Terri and Bindi Irwin, the wife and daughter of "Crocodile Hunter" Steve Irwin, talk to "Good Morning America" Friday about how they've coped since the Australian conservationist and TV personality was killed by a stingray three months ago.
The incident happened while Irwin was filming a documentary, "The Ocean's Deadliest," off the coast of Queensland, Australia, in the Great Barrier Reef. He was struck in the heart with the barb of a stingray and died shortly after he pulled it from his chest.
Watch "Good Morning America" Friday for the live interview with Terri and Bindi Irwin.
As Irwin's family and friends publicly grieved in front of the cameras, 8-year-old Bindi seemed to handle the loss with amazing poise. Her demeanor caused many to wonder if her behavior was, in fact, healthy; in the past several weeks, she has met with a psychologist.
"I asked him [the psychologist] if everything was OK, because Bindi has been so happy," Terri said in the December issue of the Australian Women's Weekly. "And he said, 'Why? Are you worried? That's what you want -- a well-adjusted child who can handle a tragedy and see that life goes on.'"
Late last month, it was announced that Bindi would begin writing a column about wildlife for children for the Australian Women's Weekly.
"Bindi doing this is carrying on her father's work, and I believe that helps her cope with her father's death," Deborah Thomas, the magazine's editor in chief, told The Australian, the national daily newspaper. "The column is something she will be very proud of and will involve other kids in a positive way, and I don't think that can be criticized. She is certainly an outgoing girl. She's an amazing little girl."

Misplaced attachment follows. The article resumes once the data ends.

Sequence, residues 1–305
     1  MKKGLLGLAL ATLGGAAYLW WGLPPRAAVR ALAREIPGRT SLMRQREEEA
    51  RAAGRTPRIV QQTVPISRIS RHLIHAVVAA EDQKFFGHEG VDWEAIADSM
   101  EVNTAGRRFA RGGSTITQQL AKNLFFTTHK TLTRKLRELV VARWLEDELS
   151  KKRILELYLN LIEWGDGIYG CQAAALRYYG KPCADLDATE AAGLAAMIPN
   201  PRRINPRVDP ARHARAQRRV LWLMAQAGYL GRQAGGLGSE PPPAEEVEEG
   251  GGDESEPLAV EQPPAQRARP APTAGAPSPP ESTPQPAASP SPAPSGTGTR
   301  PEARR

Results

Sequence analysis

News of the youngster's column came on the heels of her release of a kids fitness DVD and the continued production of her Discovery Channel series; production was stopped after her father's death. All this begs the question: How much is too much for an 8-year-old girl?
John Stainton, Steve Irwin's friend and manager, defended Bindi in the London newspaper The Guardian.
"She loves dressing up in fairy outfits and playing with Barbie dolls and putting sparkly things on and doing all the things that little girls do," Stainton said. "But she's also very special and she loves singing and dancing and wildlife. She wants to tell the world about her dad's work."